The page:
In the 1970s, a young trans woman, Patrick "Kitten" Braden, comes of age by leaving her Irish town for London, in part to look for her mother and in part because her gender identity is beyond the town's understanding.
Francie and Joe live the usual playful, fantasy filled childhoods of normal boys. However, with a violent, alcoholic father and a manic depressive, suicidal mother the pressure on Francie ... See full summary »
A group of Irish college students are about to leave for the United States, where they've landed summer jobs in Long Island. Working hard in the day and playing even harder at night, they ... See full summary »
A young transwoman, Patrick "Kitten" Braden, comes of age in the 1970s. She leaves her Irish town, in part to look for her mother and in part because her transgender nature is beyond the town's understanding. She's taken in by a rock band, falls for the lead singer, has brushes with the IRA, is arrested by the London police, works in a peep show, and poses as a survey researcher for the phone company. Throughout, her nationality and her nature put her at great risk. In her search for her mother, she makes surprising discoveries of friendship and family. But, will she survive? Written by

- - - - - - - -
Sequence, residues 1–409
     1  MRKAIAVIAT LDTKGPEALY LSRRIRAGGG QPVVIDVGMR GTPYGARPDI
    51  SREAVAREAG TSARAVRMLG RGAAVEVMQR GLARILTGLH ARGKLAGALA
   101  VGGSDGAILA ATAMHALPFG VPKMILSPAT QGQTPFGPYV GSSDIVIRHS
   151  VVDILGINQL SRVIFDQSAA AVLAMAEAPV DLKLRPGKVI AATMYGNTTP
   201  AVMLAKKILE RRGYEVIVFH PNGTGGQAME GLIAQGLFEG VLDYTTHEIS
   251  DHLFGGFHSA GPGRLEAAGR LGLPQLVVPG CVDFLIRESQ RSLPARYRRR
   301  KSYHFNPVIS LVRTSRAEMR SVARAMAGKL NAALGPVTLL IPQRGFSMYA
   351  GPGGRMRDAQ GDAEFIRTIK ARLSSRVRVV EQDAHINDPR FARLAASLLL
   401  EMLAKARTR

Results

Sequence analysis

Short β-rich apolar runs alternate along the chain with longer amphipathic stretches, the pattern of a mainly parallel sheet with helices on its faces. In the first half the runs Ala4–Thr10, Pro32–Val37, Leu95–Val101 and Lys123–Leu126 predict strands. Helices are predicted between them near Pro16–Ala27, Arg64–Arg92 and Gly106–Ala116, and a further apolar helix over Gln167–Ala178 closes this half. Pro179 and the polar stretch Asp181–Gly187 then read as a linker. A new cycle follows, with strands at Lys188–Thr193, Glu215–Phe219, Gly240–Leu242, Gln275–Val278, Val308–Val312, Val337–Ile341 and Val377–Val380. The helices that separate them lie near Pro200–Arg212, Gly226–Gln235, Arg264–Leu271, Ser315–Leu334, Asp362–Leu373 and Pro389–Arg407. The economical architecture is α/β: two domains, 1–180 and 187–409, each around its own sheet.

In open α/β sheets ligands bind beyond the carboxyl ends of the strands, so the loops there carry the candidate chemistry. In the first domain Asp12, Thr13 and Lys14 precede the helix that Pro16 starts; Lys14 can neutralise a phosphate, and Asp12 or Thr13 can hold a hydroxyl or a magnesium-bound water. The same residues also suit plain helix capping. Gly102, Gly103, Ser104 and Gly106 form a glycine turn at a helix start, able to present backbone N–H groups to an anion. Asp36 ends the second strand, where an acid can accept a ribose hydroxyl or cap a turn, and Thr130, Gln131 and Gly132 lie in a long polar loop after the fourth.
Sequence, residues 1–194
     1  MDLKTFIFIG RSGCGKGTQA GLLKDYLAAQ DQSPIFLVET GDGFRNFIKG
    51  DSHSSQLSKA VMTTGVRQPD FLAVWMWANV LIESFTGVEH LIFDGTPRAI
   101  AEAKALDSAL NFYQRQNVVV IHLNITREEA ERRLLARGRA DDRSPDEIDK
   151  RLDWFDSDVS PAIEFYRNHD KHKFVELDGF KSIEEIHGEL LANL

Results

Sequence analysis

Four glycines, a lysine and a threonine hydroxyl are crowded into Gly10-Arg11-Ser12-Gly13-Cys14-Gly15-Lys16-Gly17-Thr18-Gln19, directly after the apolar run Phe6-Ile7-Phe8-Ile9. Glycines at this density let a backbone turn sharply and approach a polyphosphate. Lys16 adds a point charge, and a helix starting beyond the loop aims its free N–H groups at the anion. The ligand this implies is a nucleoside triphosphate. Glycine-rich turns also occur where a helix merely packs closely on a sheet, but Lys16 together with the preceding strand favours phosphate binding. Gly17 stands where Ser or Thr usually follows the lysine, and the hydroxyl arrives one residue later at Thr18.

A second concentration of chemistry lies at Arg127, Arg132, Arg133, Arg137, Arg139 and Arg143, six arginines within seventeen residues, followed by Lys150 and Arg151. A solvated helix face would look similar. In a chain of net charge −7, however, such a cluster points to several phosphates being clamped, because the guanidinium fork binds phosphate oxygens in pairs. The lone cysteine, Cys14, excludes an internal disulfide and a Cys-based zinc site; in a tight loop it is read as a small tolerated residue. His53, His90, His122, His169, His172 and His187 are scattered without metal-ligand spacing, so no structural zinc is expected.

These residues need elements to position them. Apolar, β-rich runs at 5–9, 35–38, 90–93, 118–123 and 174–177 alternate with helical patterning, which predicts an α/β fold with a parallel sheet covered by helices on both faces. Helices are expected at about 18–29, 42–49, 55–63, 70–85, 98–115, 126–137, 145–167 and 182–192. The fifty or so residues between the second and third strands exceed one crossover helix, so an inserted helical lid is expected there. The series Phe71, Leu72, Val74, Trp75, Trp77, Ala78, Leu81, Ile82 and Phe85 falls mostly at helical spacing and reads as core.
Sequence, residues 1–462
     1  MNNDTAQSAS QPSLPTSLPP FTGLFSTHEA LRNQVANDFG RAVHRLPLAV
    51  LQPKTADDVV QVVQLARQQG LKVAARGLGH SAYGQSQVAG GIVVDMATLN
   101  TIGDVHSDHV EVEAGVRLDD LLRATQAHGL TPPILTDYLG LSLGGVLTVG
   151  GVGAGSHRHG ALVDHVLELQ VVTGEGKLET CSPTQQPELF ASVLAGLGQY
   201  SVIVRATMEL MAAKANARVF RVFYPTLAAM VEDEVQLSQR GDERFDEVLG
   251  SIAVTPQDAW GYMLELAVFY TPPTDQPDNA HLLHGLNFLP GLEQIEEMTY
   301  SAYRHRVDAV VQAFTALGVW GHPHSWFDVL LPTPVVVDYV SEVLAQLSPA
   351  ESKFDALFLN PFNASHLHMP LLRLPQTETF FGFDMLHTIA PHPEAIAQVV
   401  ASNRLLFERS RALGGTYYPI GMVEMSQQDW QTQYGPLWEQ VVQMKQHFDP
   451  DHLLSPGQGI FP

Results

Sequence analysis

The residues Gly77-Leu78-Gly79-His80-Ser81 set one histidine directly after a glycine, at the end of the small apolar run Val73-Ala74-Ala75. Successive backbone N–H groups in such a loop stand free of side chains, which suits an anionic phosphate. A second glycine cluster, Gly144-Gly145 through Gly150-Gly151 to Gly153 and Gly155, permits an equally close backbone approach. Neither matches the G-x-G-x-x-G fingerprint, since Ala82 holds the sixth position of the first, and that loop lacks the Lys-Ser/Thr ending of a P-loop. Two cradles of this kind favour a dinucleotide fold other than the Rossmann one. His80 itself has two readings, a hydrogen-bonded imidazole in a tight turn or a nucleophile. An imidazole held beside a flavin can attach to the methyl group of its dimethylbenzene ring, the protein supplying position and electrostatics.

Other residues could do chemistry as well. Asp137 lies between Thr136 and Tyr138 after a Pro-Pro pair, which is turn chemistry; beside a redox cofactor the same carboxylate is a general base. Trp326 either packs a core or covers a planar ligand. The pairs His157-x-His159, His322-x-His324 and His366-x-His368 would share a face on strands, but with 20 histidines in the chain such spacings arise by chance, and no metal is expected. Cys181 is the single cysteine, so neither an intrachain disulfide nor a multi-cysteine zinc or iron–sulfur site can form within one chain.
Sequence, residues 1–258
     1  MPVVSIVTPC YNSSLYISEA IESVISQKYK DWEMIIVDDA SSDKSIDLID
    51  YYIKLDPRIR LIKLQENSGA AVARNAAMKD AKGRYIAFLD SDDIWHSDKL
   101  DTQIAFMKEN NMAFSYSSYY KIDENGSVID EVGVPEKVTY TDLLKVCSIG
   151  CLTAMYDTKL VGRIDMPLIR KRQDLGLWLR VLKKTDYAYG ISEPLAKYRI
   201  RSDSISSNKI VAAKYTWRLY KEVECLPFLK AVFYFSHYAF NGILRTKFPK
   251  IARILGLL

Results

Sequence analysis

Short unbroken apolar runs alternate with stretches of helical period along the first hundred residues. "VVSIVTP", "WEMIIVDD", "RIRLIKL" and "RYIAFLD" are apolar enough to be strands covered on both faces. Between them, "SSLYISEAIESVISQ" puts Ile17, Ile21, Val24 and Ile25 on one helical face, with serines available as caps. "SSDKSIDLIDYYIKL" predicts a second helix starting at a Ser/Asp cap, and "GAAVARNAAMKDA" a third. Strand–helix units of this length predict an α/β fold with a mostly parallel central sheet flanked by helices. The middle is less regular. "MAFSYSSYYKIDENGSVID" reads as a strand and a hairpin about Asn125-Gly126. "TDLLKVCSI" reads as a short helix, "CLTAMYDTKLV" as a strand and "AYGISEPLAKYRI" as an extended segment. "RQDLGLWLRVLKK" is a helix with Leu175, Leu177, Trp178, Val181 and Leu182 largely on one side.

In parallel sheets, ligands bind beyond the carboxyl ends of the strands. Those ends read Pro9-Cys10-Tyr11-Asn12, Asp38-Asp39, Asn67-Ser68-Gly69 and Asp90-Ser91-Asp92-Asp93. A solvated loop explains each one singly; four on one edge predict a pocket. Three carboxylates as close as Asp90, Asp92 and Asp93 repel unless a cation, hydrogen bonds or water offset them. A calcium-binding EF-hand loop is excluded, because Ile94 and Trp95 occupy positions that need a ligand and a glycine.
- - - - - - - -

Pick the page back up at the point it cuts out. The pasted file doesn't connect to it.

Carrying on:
Cillian Murphy and Brendan Gleeson previously appeared together as survivors of a viral epidemic in the movie 28 Days Later(2002). See more »
Although The Wombles would have been at the height of their popularity during the film's mid-70s setting, the appearances of the featured Wombles are based on the designs from their late-90s revival, in particular Wellington. Also, Alderney is shown - although included in the books, she didn't make her screen debut until the 90s series. See more »
I lived in London in 1973, the year that the main character in the film arrives in London from Ireland.
Breakfast On Pluto caught the tone of London in 1973 so well that it was like re-living the past. A past when friendships were mighty and strong; a past when London was a sexually liberated city; a past when people were so wrapped up in television that the London park system had to hire people to dress up like the television creatures called wombles.
But more than bringing 1973 back to life for me, this film showed me an amazingly resilient Irishman named Kitten. To the people who think that a 135-minute film is way too long, I would tell them to go see Breakfast On Pluto, because those 135 minutes just fly by. And they are 135 minutes of great acting, across the board.
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